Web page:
A reader with a long background of employment at the IRS writes on an aspect of the IRS scandal that hasn’t received much attention and that draws on his experience at the agency:
I’m a fan and regular reader. Thanks for your yeoman’s work on the IRS scandal. I’m also retired from a 35-year law enforcement career, 22 of which were at the IRS Criminal Investigation Division, so I have some insight into the Service and its workings (although I spent all but one year doing money laundering – narcotics, and organized crime cases – rather than tax.)
I’m quite surprised that no one has mentioned Section 1203 of the Restructuring and Reform Act of 1998, which mandates terminations of IRS employees who commit any of what are known in the Service as the “10 Deadly Sins.” Passed in the 19990s after the last major Congressional hearings (Revenue Reform Act of 1998), section 1203 is the neutron bomb that hangs over employees. Violations of 1203 are supposed to be non-negotiable, with termination the only result, although I believe the Commissioner can mitigate and sometimes does, usually in cases involving non-wilfull understatement of tax liability.
At any rate, you’ll notice that several of these provisions could be applicable in the present instance, notably (b) (2), (b) (3) (A), and (b) (7). If I were Ms. Lerner, Mr. Miller (who relied heavily on 6103 in his testimony), or anyone in that chain, 1203 would be a huge concern. It is for every Service employee, which is why I and others were always very cautious about taking unapproved initiative in areas that skated close to 1203. (Getting that signature, for example, even in Title 18 seizures, which probably aren’t covered. But when you’re talking “shall terminate the employment” “probably” isn’t safe enough.)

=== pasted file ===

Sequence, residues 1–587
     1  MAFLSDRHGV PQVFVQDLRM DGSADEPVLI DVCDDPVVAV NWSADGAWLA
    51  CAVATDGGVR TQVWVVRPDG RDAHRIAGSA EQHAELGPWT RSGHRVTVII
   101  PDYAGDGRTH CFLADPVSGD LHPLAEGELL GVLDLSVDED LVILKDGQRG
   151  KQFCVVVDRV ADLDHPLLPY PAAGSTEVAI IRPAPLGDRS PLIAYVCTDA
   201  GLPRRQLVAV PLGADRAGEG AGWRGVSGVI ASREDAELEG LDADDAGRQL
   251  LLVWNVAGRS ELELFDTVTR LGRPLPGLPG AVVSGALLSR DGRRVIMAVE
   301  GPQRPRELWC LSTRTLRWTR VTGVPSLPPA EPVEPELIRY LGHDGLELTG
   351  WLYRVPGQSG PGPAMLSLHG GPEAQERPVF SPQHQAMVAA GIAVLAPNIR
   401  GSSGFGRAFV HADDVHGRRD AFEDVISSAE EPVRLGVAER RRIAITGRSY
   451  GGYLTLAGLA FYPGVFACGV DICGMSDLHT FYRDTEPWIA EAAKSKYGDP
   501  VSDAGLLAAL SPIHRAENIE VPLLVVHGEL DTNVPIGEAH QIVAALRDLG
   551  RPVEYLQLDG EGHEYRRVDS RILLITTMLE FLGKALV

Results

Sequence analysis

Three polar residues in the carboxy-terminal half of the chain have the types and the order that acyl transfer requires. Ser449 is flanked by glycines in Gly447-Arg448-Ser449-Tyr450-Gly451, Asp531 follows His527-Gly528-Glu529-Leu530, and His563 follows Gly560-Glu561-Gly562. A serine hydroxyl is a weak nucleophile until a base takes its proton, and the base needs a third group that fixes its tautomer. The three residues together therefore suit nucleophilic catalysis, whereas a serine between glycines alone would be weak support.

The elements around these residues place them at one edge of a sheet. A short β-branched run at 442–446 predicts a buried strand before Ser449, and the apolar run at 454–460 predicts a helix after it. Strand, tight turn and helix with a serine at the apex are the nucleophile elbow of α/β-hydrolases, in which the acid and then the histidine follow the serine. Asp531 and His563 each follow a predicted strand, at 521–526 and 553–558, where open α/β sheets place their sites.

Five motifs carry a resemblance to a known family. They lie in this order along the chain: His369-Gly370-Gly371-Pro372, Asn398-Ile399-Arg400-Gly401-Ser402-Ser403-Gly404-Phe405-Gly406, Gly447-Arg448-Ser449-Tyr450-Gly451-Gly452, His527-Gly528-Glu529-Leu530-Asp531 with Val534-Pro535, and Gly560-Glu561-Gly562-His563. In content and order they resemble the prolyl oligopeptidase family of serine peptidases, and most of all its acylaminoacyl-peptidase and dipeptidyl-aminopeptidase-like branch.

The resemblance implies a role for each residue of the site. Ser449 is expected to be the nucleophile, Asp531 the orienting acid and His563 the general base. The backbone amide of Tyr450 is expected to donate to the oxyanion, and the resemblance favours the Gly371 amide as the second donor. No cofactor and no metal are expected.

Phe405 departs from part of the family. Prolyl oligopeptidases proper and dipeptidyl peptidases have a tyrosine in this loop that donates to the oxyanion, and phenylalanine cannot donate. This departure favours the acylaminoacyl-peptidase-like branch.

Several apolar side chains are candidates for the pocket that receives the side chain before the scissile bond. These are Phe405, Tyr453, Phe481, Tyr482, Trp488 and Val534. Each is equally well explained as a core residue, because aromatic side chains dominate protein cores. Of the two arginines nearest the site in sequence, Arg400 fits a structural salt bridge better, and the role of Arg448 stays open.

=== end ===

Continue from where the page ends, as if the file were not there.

I’m not a lawyer. I don’t know if these provisions would apply in the present case, but I and every employee are acutely conscious that they exist. This is why the concept of “two rogue employees” is so far-fetched for me. They would have to be very “rogue” to take their chances with 1203. Much more “rogue” than anybody I knew at IRS.
Finally, I’d note that when I was working at IRS-CID, taking the Fifth in any proceeding was grounds for termination. I have no idea whether that’s true for other IRS employees, but a Special Agent could never take five and survive. You don’t have a constitutional right to a government job.
I’ve included section 1203 below. Took it from the NTEU website. (I detested the NTEU and CID criminal investigators are not members of that or any union.)
[Name withheld by request}, Special Agent (Retired)
On its face, section 1203 requires a final administrative or judicial determination. In the current scandal, we don’t even have pending administrative or judicial proceedings. Here is section 1203:
(a) In General.–Subject to subsection (c), the Commissioner of Internal Revenue shall terminate the employment of any employee of the Internal Revenue Service if there is a final administrative or judicial determination that such employee committed any act or omission described under subsection (b) in the performance of the employee’s official duties. Such termination shall be a removal for cause on charges of misconduct.